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    Welcome to Husker Locker’s “30 Best Players since 1980” portion of the Summer 30 series. Check throughout May to see our updated rankings; the previous rankings will be housed at the bottom of this blog post.

    Like or dislike our pick? Comment on it below.

    Not a member, but would like to comment? Join Husker Locker today - it's free!.

    Remember, too, to weigh in on the Best Individual Performances and Best Games since 1980. Also stay tuned for our ranking of every team, 1980-2009, at the end of the series!


    No. 5 Quarterback Eric Crouch (1998-2001)

    Fast, lightning-quick and tougher than a two-dollar steak, Crouch was the improbable - but well-deserving - Heisman Trophy winner in 2001, the only true option quarterback to win the award. He was among the last of his kind, the wizards who lived on the edge of the field, deciding to pitch or keep, and he became a solid passer by the end of his career, as well. His career numbers - 4,481 yards passing, 3434 yards rushing, 88 touchdowns - speak for themselves. So do the Walter Camp and Davey O’Brien Awards.

    And so do the signature plays. Running over an Iowa defender in 1999. Taking a screen pass from Bobby Newcombe -who earned a dubious victory over Crouch for the starting job in 1999 for all of two games - to the house for a touchdown. The overtime touchdown at Notre Dame. The 95-yard run vs. Missouri. And, of course, the memorable throwback pass that beat Oklahoma in 2001. Had he been allowed to return punts, there’s little doubt he might have challenged Johnny Rodgers for the Huskers’ best ever at that role.

    As a runner, there wasn’t much Crouch couldn’t do. His 6-foot frame allowed to stay low to the ground, and his speed took opponents off guard. He was especially good cutting back into the middle of the field when most option quarterbacks preferred to, as it were, “hit the corner.” Crouch won his share of big games - including a Big 12 title in 1999 - but he was never able to capture a national title. Perhaps then-coach Frank Solich put too much of the offense on Crouch’s soldiers. We know this: Once No. 7 left the building, his replacement, Jammal Lord, rushed for a lot of yards - but he just wasn’t the same kind of player. Crouch was a threat to hit a home run every time he carried the ball.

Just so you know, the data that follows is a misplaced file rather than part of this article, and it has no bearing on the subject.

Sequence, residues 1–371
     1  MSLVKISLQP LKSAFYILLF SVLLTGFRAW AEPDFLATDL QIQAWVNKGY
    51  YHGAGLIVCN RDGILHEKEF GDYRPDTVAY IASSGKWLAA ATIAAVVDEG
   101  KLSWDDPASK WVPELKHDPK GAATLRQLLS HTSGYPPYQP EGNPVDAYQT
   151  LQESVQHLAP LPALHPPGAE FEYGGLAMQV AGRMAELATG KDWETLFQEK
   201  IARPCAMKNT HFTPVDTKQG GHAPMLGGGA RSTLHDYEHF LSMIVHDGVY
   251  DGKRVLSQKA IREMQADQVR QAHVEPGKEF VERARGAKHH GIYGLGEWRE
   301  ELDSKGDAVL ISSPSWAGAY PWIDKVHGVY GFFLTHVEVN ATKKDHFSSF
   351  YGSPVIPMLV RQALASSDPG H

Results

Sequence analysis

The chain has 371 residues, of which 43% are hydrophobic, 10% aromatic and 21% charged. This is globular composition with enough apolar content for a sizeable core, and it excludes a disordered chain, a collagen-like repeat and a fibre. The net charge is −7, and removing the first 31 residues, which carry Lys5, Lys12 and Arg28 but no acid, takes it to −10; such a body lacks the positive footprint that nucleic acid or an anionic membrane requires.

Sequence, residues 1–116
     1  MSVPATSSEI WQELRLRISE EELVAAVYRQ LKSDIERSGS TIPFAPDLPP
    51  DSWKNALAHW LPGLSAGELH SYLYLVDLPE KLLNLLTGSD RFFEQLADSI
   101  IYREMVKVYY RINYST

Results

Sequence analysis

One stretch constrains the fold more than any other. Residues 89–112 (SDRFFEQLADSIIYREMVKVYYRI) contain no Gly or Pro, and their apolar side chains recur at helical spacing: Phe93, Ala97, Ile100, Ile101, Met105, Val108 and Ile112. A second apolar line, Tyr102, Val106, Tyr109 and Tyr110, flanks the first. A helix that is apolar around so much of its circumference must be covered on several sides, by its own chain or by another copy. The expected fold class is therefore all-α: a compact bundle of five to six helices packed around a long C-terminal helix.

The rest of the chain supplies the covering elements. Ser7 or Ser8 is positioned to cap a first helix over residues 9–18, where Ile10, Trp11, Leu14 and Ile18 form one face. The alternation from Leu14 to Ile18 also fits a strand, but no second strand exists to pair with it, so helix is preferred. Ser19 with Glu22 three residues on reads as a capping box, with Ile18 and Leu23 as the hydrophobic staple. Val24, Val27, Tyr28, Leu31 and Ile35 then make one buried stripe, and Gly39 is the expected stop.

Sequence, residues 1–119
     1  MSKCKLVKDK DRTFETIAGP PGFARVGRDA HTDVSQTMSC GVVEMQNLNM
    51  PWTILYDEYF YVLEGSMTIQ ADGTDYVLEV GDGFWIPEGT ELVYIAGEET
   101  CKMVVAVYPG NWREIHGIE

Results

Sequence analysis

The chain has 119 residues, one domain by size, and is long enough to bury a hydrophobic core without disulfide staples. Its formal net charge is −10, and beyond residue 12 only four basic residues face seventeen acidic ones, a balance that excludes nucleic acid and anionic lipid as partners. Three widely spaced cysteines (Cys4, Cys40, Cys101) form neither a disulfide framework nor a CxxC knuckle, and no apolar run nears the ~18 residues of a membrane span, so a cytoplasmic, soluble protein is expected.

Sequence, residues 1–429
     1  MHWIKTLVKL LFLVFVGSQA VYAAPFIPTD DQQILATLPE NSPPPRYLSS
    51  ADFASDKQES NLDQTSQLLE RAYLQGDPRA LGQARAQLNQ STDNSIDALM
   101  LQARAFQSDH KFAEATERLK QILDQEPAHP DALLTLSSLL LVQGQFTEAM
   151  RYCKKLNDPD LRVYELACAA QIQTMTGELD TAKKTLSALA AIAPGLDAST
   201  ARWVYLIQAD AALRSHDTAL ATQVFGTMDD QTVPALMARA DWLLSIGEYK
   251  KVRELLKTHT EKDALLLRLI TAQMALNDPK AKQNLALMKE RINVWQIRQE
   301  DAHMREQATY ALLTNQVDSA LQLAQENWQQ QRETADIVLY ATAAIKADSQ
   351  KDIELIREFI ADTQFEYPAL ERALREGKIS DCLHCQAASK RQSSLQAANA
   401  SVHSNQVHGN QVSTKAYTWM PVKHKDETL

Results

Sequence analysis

Check Out the Entire List!

    Honorable Mention, No. 30, No. 29, No. 28, No. 27, No. 26, No. 25, No. 24, No. 23, No. 22, No. 21, No. 20, No. 19, No. 18, No. 17, No. 16, No. 15, No. 14, No. 13, No. 12, No. 11, No. 10, No. 9, No. 8, No. 7, No. 6

    Tags: 30 best players since 1980, eric crouch

  7. 2010 May 24

    30/1980 BEST PLAYERS: No. 6

    18,532 views

    By HuskerLocker

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    Welcome to Husker Locker’s “30 Best Players since 1980” portion of the Summer 30 series. Check throughout May to see our updated rankings; the previous rankings will be housed at the bottom of this blog post.

    Like or dislike our pick? Comment on it below.

    Not a member, but would like to comment? Join Husker Locker today - it's free!.

    Remember, too, to weigh in on the Best Individual Performances and Best Games since 1980. Also stay tuned for our ranking of every team, 1980-2009, at the end of the series!


    No. 6 Center Dave Rimington (1980-1982)

    The arms. When Rimington ran onto the field on a cold November afternoon without any sleeves, those massive arms popping out from his 6-foot-3, 290-pound frame screamed: Just try and stop us. Opposing defenses rarely did in those years. So good as a center that he had a trophy named after him, Rimington won two Outland trophies in 1981 and 1982 and, for good measure, the Lombardi Trophy in 1982, as well. Elected to the College Football Hall of Fame in 1997, Rimington is the college standard against which most centers are now measured.

    He was so quick. Too quick, at times, as he was sometimes flagged for false start penalties despite hiking the ball. Rimington pounced on his foes so quickly throughout his career that he was often able to chip off and help another lineman. The man was built to block for an option running game, but his seven years in the NFL - playing for the Bengals and Eagles - weren’t quite as successful, in part because of the franchises themselves.

    Check Out the Entire List!

    Honorable Mention, No. 30, No. 29, No. 28, No. 27, No. 26, No. 25, No. 24, No. 23, No. 22, No. 21, No. 20, No. 19, No. 18, No. 17, No. 16, No. 15, No. 14, No. 13, No. 12, No. 11, No. 10, No. 9, No. 8, No. 7

    Tags: 30 best players since 1980, dave rimington

  8. 2010 May 24

    30/1980 BEST PLAYERS: No. 7

    16,239 views

    By HuskerLocker

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    Welcome to Husker Locker’s “30 Best Players since 1980” portion of the Summer 30 series. Check throughout May to see our updated rankings; the previous rankings will be housed at the bottom of this blog post.

    Like or dislike our pick? Comment on it below.

    Not a member, but would like to comment? Join Husker Locker today - it's free!.

    Remember, too, to weigh in on the Best Individual Performances and Best Games since 1980. Also stay tuned for our ranking of every team, 1980-2009, at the end of the series!


    No. 7 Quarterback Turner Gill (1981-1983)

    The biggest compliment you could give just about any athlete is that he made it look effortless. Gill did that and then some. Always quick, but rarely in a hurry, Gill was the first true option quarterback of Tom Osborne’s tenure - Osborne beat out Oklahoma’s Barry Switzer for Gill’s services - and the straw that stirred an incredible offensive drink. He wasn’t the most amazing of the Triplets - his name is still to come on the list - but Gill was the template for confident, steely leadership.